STORY BY KATE HAVENS
Efforts against texting and driving have incorporated slogans like “Ain’t no survivin’ textin’ ‘in’ drivin,’” “Arrive alive, don’t text and drive” and “Don’t tempt fate, that text can wait.”
Beyond slogans, There are laws against texting and driving and people who fight it, but in recent news, one man is taking the next step to stop texting and driving completely.
Scott Tibbitts, a chemical engineer, spent five years developing a gadget to block incoming and outgoing texts and to prevent calls from reaching a driver.
The product will be finished in February, and has backing from companies such as American Family Insurance and Sprint.
To discover whether this new product will impact the Drake community, students were asked if they text while driving.
A handful of Drake students admitted they do. Sophomore James Jolly confessed to occasionally texting when it’s an important conversation or if he’s expecting an important message.
Several students explained that they don’t text while in motion, but they will while stopped at a red light.
Senior Betsy Joseph explains that she sometimes texts at a red light.
“Then it turns green, and I end up finishing it,” Joseph said.
Other students question their choice to text while driving.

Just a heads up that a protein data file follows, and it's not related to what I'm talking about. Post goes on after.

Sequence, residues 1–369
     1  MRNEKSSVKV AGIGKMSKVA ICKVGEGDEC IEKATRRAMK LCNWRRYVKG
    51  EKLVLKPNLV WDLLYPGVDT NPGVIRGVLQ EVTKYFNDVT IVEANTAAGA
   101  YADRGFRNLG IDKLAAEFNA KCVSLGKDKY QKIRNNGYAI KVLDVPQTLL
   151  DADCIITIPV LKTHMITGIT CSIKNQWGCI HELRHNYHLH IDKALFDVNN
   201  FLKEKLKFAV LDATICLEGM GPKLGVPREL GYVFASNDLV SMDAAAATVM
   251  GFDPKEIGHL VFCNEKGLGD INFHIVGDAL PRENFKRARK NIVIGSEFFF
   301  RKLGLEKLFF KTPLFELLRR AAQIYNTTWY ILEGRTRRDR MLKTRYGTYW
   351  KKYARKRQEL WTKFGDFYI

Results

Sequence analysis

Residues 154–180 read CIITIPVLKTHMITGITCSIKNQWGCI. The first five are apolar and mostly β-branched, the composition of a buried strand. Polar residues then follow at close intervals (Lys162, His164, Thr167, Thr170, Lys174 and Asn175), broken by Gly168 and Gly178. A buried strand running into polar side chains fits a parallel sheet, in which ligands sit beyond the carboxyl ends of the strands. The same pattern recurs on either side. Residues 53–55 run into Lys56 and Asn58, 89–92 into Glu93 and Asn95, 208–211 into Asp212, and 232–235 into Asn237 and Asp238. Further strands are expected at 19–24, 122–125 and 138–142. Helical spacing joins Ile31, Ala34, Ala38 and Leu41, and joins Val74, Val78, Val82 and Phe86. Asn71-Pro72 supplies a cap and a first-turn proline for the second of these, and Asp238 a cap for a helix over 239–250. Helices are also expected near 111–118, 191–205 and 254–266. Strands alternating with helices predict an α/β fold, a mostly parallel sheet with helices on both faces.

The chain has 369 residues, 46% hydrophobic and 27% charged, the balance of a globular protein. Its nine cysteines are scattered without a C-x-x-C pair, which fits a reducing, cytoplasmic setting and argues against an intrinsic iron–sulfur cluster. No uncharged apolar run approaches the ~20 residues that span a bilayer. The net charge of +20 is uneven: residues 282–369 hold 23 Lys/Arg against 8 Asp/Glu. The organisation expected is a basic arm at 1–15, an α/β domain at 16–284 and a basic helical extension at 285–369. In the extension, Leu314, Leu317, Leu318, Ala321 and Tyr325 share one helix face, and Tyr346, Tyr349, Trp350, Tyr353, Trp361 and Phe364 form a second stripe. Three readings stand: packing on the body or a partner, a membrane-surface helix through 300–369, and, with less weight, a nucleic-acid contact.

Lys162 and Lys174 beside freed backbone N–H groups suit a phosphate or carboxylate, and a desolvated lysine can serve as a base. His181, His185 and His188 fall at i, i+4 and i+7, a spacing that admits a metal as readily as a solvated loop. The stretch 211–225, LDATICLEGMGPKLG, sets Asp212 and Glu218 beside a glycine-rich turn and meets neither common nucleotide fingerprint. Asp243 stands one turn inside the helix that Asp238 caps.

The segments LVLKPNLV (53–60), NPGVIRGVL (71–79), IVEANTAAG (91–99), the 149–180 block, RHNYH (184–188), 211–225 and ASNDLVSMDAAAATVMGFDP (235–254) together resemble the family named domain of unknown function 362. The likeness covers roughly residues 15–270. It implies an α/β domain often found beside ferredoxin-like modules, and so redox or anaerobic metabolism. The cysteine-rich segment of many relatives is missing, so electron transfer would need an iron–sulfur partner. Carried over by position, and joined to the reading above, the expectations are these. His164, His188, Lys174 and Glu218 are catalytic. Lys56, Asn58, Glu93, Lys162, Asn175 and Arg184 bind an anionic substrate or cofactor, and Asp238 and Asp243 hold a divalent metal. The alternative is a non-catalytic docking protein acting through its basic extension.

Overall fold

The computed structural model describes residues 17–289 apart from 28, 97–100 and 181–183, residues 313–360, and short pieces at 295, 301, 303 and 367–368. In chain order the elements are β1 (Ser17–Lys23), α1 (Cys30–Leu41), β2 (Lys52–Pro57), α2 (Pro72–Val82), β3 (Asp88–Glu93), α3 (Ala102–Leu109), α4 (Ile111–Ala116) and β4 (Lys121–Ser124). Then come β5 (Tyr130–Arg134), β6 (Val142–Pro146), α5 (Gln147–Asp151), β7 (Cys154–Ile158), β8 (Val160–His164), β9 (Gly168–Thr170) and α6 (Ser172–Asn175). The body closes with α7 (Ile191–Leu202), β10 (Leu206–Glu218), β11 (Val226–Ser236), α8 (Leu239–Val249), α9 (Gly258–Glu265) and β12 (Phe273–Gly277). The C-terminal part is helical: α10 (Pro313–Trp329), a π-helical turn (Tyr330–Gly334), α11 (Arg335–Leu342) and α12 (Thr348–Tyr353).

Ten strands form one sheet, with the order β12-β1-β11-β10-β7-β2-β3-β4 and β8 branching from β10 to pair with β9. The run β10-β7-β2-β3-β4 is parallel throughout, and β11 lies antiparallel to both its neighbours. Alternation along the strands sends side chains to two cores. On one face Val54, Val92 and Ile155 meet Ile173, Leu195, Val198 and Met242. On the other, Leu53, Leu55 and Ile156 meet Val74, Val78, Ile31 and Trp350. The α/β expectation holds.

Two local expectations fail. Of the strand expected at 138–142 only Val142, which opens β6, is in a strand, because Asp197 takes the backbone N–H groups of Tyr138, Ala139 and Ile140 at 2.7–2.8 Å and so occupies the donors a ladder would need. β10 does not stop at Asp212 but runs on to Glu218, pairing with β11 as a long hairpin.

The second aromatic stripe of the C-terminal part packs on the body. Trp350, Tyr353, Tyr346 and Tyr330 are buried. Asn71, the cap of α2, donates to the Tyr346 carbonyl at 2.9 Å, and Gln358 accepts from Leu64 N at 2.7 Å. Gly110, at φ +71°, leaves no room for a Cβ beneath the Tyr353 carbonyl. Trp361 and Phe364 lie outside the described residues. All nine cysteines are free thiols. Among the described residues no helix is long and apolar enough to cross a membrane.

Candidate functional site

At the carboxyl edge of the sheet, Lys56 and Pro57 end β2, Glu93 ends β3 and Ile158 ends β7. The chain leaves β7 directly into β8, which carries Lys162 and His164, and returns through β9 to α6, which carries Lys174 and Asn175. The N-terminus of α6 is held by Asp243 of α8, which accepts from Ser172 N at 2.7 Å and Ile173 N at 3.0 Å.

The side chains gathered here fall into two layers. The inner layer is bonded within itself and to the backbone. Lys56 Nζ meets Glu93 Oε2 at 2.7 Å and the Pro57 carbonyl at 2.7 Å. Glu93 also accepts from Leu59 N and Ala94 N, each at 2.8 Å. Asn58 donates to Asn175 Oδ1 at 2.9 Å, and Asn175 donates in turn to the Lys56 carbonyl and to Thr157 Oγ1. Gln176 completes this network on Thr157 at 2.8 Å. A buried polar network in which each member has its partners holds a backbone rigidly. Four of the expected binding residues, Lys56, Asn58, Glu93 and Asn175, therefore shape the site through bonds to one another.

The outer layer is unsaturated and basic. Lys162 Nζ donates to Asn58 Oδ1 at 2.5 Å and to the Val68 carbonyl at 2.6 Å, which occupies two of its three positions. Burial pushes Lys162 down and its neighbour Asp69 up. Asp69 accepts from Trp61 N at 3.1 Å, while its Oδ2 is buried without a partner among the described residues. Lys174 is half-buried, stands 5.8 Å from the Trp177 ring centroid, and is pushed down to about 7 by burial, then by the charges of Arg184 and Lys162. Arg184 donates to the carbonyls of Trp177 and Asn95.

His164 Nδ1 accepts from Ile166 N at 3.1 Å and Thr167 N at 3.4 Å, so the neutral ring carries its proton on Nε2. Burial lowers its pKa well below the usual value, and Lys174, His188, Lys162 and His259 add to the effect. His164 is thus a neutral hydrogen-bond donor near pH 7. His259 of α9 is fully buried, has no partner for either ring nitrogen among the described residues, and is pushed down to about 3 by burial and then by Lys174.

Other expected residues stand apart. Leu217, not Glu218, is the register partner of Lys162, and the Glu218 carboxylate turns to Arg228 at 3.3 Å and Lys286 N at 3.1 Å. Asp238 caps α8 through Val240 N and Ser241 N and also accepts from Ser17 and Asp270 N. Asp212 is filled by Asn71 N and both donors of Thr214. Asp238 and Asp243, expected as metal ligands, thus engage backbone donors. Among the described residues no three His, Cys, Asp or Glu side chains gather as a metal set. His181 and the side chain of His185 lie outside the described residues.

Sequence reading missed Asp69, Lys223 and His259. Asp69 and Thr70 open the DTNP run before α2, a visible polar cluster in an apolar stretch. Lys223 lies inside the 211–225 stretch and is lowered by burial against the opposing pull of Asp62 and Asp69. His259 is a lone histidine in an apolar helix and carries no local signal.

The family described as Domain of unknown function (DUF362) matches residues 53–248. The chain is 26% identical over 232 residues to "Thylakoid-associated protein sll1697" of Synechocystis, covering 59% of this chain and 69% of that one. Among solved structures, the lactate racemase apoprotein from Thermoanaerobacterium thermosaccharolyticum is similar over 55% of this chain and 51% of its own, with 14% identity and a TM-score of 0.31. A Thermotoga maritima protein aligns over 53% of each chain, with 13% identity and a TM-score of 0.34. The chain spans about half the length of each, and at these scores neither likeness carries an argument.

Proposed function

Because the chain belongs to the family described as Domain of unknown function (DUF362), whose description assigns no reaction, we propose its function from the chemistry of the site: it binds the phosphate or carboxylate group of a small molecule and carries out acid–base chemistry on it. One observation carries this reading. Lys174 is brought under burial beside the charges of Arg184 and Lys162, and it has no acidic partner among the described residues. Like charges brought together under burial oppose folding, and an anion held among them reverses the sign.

“I think I’ve done it once, and then I think, ‘This is the stupidest thing I have ever done, why am I doing this?’” said first-year Katy Wellington.
There are several methods to avoiding this trend. The easiest way that many Drake students say help them stay safe is by following an out of sight, out of mind principle — putting the phone down to avoid all temptation.
“I always have my phone in my purse in the passenger seat,” said senior Rachel Conger.
A lesser-known approach to escape the texting while driving temptation is with an app. There are several apps out on the market that block incoming calls, texts and emails.
Depending on the app, a driver either turns the app on when he or she gets in the car or the app may automatically recognize the speed at which the phone is moving and shut off notifications.
Live2Txt, DriveOFF and DriveScribe all operate on Androids. DriveScribe is also available for iOS. Switching an iPhone to Do Not Disturb mode is also a good habit when you hop in the driver’s seat.
With Tibbitts discovery that the telematics box found in newer cars, which can send wireless messages, can be used to detect incoming texts, there could definitely be changes in the texting and driving habits.
Both the phone and car send information about location and movement to a server that will then decide, based on other factors, whether to stop the text from reaching your phone.
If companies chose to implement this technology, people may not have a choice on whether they text and drive.
Whether people make the choice to stop texting and driving or they rely on technology to stop it from happening, according to Phonearena around 5,000 people die in the U.S. each year from texting related accidents.
Sophomore Anna Van Waardhuizen is a subscriber to the simple method of safety — taking advantage of passenger free thumbs.
“My phone is so crappy. I would automatically kill someone (texting and driving), so usually someone else texts for me,” Van Waardhuizen said.